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Simple touch

July 1, 2008

The pallor had set in. The nutrients necessary for hair follicles to maintain health were no longer being delivered, and my head was covered by a thatch of dry, whitening straw. Having become subtly taut and powdery, my skin bore witness to the march of the disease, ever onward, conquering all of the body’s systems. Frequent unexplained weariness, and simple colds that just hung on became the norm. Mucus like day-glo snails and coughing fits, day after day.

 Simply waking up and getting moving took twice as long and four times the Coffee. Lots of sugar, thanks. A couple of errands and back to bed for a 3 hour nap. In the evening I took food out of habit. Nothing tasted good. Nothing tasted like anything. This was the bulk of what my life had become. 

There was an old insurance policy that I cashed out. After many years of contributions, it had grown fat and the children didn’t need it, or so I decided, and it provided a surfeit of funds for the trip my son and I had agreed to take. Enough to book you along on the same flights, into the same hotels. I had not wanted to meet you when I did, however, fate deigned it, and who was I to disagree?  It was not too late for me to have a happy life. The boy didn’t know of you. The secrecy was a relish, heavily laden on a late-arriving and deeply craved delicacy.

Istanbul was uplifting, and Sam, my boy, searching band-width, and obsessively trying to play an on-line video game, only payed attention to what he saw when it was forced upon him. He did enjoy all he saw and has since mentioned how he enjoyed Turkey, but one would never know it from the his attitude when we were there. He therefore took no notice when my afternoon walks took longer each day.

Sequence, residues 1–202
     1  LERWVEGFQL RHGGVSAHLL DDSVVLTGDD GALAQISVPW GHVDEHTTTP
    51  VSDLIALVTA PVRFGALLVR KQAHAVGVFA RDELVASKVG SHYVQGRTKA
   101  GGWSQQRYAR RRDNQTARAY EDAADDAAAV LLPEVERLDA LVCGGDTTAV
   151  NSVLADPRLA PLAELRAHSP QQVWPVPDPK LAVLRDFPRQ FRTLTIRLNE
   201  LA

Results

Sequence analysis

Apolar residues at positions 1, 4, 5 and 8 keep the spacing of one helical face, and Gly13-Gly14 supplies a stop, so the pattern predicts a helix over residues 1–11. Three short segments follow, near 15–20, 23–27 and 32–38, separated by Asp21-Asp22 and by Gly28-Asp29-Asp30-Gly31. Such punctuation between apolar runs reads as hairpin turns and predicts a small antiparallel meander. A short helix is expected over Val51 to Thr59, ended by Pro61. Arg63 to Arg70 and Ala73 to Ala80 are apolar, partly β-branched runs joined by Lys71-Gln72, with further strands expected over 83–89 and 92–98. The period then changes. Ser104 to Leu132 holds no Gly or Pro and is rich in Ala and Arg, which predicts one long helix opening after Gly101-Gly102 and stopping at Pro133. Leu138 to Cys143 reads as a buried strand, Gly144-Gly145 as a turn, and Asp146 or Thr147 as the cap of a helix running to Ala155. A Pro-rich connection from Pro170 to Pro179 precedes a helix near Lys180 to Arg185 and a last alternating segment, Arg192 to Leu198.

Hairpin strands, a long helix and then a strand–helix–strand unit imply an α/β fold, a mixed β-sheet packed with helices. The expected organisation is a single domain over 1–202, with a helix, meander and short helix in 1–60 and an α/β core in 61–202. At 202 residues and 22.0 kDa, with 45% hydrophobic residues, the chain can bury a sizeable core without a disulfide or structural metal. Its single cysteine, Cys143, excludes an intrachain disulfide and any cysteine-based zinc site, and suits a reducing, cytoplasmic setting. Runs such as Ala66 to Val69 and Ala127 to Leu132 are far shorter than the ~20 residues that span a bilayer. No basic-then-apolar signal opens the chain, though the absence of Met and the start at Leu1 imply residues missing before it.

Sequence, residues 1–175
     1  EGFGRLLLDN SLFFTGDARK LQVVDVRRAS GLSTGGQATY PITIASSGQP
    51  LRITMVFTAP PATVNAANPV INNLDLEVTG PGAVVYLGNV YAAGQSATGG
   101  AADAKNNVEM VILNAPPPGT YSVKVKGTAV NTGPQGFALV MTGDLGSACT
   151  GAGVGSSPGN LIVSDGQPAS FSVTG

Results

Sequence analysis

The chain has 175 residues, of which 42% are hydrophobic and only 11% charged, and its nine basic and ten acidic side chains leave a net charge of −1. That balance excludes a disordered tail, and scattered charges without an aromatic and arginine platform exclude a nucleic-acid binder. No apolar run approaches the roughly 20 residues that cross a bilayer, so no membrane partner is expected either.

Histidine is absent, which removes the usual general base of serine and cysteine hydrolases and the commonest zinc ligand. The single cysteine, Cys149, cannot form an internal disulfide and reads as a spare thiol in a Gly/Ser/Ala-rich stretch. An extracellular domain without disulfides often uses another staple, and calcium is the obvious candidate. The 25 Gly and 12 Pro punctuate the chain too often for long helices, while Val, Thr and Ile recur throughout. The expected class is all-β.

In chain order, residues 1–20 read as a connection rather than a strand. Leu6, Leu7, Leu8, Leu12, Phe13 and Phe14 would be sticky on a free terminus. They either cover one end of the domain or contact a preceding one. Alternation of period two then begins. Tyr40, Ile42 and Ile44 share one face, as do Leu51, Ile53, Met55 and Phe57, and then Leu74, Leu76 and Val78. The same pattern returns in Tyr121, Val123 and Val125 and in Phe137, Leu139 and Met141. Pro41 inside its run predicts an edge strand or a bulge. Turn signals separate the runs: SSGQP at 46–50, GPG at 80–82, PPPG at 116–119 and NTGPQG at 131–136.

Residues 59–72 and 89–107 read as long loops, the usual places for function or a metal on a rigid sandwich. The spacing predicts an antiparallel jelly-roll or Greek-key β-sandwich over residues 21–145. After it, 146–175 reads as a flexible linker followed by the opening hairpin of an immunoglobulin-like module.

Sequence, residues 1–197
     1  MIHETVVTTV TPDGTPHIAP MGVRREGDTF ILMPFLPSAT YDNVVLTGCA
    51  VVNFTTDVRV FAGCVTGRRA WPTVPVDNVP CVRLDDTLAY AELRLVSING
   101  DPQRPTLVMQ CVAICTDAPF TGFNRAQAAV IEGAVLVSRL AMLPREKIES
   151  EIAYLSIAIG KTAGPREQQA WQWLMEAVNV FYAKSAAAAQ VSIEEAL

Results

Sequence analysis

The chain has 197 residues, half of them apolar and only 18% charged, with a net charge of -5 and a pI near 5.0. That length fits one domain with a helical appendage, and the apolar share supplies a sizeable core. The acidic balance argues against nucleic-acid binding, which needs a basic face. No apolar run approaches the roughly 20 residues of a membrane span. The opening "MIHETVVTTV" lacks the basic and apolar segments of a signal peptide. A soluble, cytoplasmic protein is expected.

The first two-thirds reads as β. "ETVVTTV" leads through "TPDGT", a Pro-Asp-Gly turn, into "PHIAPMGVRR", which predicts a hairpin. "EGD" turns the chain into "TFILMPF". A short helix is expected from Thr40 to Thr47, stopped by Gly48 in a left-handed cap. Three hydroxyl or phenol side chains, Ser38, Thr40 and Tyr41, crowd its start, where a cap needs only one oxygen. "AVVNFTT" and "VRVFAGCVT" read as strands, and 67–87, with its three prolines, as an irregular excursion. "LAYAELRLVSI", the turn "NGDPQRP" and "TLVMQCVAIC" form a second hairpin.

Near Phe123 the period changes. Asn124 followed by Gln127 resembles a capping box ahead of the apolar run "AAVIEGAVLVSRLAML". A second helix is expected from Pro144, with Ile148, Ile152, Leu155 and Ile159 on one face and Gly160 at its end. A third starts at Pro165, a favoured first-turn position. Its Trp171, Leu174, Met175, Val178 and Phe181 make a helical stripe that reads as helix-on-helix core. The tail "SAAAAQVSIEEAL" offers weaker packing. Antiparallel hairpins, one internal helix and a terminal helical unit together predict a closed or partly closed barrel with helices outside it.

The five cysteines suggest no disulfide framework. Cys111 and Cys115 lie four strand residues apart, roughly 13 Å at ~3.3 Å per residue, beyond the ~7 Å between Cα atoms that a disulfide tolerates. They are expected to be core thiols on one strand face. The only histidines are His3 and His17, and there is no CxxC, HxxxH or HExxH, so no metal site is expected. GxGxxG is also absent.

I had begun on the long and terminal trudge to the ending all things share. Many times I wished to die, but this was when I was strong and young and had the world by the ass. Now I was older and weaker and in a secret place I would not admit existed, there was a wish to live. I played off the doctors’ concerns and the sincerity of my few friends as if I was not worried and felt that everyone had to go sometime, so now it was my turn. I did feel this way, but knowing that death was ordained, I secretly wanted to live. Ain’t that the way? I would not live, of course, and this made your appearance particularly fortuitous.

 You had made this trudge before with another. Rather than being soured up and embittered, or selfish and self-protective, you behaved lovingly and understandingly to one just engaging in the downhill march. I mused wether you had a convoluted martyr complex, were inexplicably desperate for love to the point of taking another hostage, and had bloated the feminine nurture instinct into some benign monster. An ” I’ll love you to death” fetish. After going through all these mental gymnastics within the first few days of our meeting, I concluded that it did not matter. It was what it was, and that was it. I needed companionship and attention and needed also to give it, to prove that my dying would matter, that I could do something outside myself and get a fair payoff. Do something good after all the years of selfishness.

 Never having had children, your body had not been forced into the anthropological distortions so often required of the woman of our species. Skin smooth, hips narrow, breasts still flaccid, stomach bearing some belly, but not nearly approaching my own. We never asked each other our ages. Odd in America. I learned from you what I had been missing for all those years since divorcing. The simple touch of another person. Not the licking, thrusting, sweating, rubbing or deep kissing, though all those were certainly longed for. I was just the simple loving touch, the miracle of communication that comes from plain skin-on-skin.   

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